Archer decision the final piece of England's World Cup jigsaw, says Bayliss

Trevor Bayliss described the decision over Jofra Archer as England's "final piece of the jigsaw" ahead of the 2019 World Cup.

Jofra Archer in action for Hobart Hurricanes in the Big Bash League.   -  Getty Images

England is close to concluding its plans for the Cricket World Cup with the decision over Jofra Archer set to be "the final piece of the jigsaw" for head coach Trevor Bayliss.

West Indies-born Archer will qualify to play for his adopted nation in March, two months before Eoin Morgan's side kick off its bid for a first world 50-over crown against South Africa.

England, the number-one team in the ICC ODI rankings, is likely to start the tournament on home soil as favourites, while 23-year-old quick Archer could offer an extra dimension to its seam attack with his added pace.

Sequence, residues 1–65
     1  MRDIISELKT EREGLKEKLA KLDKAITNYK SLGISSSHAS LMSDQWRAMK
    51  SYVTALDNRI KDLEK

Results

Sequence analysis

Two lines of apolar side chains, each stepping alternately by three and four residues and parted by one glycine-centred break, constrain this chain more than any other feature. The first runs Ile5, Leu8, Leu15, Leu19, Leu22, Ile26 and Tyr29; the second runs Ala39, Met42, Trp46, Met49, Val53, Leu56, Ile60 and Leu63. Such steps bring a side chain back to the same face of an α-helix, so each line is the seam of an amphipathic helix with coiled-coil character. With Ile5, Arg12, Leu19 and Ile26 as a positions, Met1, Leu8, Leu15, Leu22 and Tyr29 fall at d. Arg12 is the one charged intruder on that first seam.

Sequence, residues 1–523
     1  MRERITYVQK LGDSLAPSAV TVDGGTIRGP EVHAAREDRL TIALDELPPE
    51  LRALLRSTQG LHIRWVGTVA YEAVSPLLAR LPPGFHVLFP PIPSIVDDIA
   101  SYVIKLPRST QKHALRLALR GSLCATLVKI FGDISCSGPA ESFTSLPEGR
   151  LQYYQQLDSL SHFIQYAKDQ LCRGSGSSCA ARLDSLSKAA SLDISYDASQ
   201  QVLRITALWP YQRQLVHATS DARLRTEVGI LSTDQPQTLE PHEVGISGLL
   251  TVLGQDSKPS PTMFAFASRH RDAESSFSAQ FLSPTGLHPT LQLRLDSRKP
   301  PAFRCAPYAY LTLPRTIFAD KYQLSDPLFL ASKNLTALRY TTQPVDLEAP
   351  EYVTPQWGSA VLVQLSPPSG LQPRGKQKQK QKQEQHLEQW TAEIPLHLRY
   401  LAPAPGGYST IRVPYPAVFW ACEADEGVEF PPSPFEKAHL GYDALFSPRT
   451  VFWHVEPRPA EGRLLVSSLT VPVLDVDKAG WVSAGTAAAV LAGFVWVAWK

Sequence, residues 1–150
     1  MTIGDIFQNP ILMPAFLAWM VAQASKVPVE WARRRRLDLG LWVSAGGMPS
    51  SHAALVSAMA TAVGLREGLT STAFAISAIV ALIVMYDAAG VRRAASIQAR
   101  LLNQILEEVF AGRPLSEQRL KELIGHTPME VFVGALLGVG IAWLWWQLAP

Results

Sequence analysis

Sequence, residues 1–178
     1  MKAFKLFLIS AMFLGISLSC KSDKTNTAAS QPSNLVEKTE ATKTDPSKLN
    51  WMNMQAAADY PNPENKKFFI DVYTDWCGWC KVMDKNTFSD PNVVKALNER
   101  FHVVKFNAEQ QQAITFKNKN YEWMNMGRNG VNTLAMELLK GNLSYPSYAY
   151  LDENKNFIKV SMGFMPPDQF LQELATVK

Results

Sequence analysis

However, that could mean disrupting what has become a largely settled squad, with the likes of David Willey, Mark Wood and Liam Plunkett perhaps most vulnerable to being left out should Archer be included in the 15-man party.

READ: Jofra Archer could miss Big Bash League for England chance

And Bayliss says he and the rest of the management team is not far away from being able to lock in their selections.

"I'd say very close. We've pretty much had the same 15, 16 or 17 players over the last three or four years," he told Sky Sports.

"We could probably name a 15, there's a Jofra Archer decision to be made at a later date. I think it's getting down to that being the final piece of the jigsaw."

England's third ODI against West Indies was washed out due to persistent showers in Grenada on Monday, leaving the five-match series poised at 1-1.

And with just eight more ODIs before World Cup warm-ups against Australia and Afghanistan, Bayliss is keen to give all of his players a fair chance of making the final squad.

"It's been a bit of a juggling act," he added. "We want to have a look at one or two of the fringe guys as well. More than anything, just to give them a bit of a run out.

"I think the team that wins the World Cup will play a squad of players and whoever has got the strongest squad will go close to winning it.

"So we want to make sure some of our fringe players have played matches as well."

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